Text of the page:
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The Brain's Key

A Three-Step Process for Undoing Negative Emotional Learnings

Bruce Ecker • 6/7/2018

By Bruce Ecker, Robin Ticic, and Laurel Hilley - While most neuroscientists once believed that implicit memories, avoidance reactions, and rigid schemas were locked permanently in the brain’s synaptic pathways, brain research shows that, under certain conditions, we can not only unlock these neural pathways, but actually erase them and substitute new learning.

Daily Blog

What Do Transformative Therapy Moments Have in Common?

The Surprisingly Simple Way to Get Powerful Results Swiftly and Reliably

Bruce Ecker, Laurel Hulley • 11/9/2017

By Bruce Ecker and Laurel Hulley - There's a moment that we therapists savor above all. Before our eyes, a shift takes place and the client slips from the grip of a lifelong pattern. Three decades ago, we discovered that what distinguished the pivotal interactions was that we had completely stopped trying to counteract, override or prevent the client's debilitating difficulties.

Daily Blog

The Emotional Truth Behind Anxiety Symptoms

An Exercise That Gets at the Root of Your Clients' Worries

Bruce Ecker • 10/26/2017

By Bruce Ecker - Anxieties and panics aren't merely neurobiological dysfunctions. By heading straight into the core of meaning at the heart of symptoms, therapy becomes a place where a deeper sense of order replaces the apparent senselessness of presenting complaints, and clients awaken to areas of self that have control over what previously seemed utterly out of control.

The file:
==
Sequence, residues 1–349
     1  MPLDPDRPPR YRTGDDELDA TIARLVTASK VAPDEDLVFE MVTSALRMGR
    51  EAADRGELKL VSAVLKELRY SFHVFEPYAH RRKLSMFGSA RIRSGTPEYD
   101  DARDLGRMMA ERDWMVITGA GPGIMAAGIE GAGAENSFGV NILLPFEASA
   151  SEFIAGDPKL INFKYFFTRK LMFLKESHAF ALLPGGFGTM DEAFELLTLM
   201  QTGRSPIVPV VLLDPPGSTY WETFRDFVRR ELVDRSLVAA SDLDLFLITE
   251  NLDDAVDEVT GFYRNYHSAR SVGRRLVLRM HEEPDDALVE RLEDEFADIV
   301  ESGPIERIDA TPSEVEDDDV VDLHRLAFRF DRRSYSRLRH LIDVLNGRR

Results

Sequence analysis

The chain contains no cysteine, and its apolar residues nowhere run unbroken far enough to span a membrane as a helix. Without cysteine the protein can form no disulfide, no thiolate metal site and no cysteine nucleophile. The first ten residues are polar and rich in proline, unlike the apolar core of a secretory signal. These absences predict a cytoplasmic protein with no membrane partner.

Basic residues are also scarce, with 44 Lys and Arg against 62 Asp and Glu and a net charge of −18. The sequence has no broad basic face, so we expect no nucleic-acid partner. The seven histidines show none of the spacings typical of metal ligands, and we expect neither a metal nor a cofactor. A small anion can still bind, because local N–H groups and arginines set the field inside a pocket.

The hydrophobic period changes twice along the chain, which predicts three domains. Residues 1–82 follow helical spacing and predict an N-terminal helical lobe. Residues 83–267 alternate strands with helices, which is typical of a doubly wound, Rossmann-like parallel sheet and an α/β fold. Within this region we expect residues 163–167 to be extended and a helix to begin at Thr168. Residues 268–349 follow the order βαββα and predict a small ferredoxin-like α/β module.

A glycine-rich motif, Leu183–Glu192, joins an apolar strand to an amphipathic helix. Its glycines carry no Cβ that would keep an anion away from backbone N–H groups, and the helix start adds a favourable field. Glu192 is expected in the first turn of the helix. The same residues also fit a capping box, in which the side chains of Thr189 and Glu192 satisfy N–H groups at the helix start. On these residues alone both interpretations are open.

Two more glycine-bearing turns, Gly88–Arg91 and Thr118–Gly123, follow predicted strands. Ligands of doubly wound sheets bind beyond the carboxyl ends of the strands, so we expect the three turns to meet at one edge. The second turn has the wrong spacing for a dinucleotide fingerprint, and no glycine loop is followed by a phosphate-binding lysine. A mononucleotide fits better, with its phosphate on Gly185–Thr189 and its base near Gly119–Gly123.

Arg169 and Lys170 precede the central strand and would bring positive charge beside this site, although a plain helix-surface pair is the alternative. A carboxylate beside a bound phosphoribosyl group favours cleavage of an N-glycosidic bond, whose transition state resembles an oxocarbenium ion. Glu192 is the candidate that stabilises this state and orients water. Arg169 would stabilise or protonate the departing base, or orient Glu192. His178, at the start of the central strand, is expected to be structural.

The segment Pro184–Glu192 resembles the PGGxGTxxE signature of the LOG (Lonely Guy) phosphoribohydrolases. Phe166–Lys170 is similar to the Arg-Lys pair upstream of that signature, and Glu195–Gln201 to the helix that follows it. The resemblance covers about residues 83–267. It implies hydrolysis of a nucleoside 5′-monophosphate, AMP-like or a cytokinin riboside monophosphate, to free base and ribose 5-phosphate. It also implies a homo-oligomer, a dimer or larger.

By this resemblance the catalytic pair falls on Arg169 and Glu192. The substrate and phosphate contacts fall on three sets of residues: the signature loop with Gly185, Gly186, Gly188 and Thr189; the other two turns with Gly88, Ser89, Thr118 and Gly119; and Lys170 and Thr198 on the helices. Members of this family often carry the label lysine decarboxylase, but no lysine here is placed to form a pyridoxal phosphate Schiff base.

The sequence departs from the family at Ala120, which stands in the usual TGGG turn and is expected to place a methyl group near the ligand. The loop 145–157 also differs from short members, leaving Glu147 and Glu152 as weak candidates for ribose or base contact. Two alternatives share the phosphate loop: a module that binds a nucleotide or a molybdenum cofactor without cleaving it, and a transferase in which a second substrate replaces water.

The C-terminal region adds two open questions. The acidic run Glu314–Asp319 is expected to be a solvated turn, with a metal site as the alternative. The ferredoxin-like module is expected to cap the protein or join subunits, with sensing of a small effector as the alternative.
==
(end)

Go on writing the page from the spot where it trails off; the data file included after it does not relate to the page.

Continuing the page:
Daily Blog
Applying the Power of Neuroscience to Heal Trauma, Attachment, Shame and More
Copyright:
5/24/2017
Authors:
RICK HANSON, PH.D.
 
JANINA FISHER, PH.D.
 
LINDA GRAHAM, MFT
 
BRUCE ECKER, MA, LMFT
 
NOEL LARSON, PH.D., MSW
 
SARA BRIDGES, PHD
Product:
NRS001189
Type:
$649.94 USD     $299.99
Using Memory Reconsolidation in Daily Clinical Practice
Copyright:
3/25/2017
Authors:
BRUCE ECKER, MA, LMFT
 
SARA BRIDGES, PHD
Product:
RNV052875

A Brain Science Strategy for Overwriting Traumatic Memories

Creating Juxtaposition Experiences to Relieve Trauma Symptoms

Bruce Ecker • 11/10/2015

What we clinicians have learned in recent years about the intricacies of the brain's implicit memory systems has certainly helped us better recognize the linkage between distressing or traumatic experiences and many of the previously puzzling symptoms clients bring to our offices. But now brain science is beginning ...

Daily Blog

VIDEO: Unlocking the Emotional Brain

Confronting Self-Limiting Beliefs

Bruce Ecker • 8/26/2014

According to therapist Bruce Ecker, a founding director of the Coherence Psychology Institute and co-author of Unlocking the Emotional Brain, the first step in helping clients understand why they have certain self-limiting thoughts that drive their behaviors in negative ways is getting to the root of those thoughts. That’s why Bruce uses the “overt statement” technique, which is useful in many therapeutic scenarios, but especially helpful where attachment injuries are concerned.

Daily Blog

A New Way to Understand Severe Anxiety Disorder

A Client’s Severe Anxiety Disorder May Be a By-Product of a More Primary Purpose

Bruce Ecker • 4/28/2014

Sometimes panic and anxiety have no function—they aren’t the means of fulfilling a hidden purpose for the sufferer—yet in a different way, they’re still necessary to a coherent underlying pattern.

Daily Blog

How a Traumatic Memory Can Feed Anxiety

When Treating Some Forms of Anxiety, Reenacting a Traumatic Memory May Be the Key

Bruce Ecker • 2/17/2014

The coherence that underlies panic and severe anxiety disorder has a neurobiologically distinct form: flashbacks of unresolved, unconscious traumatic memory.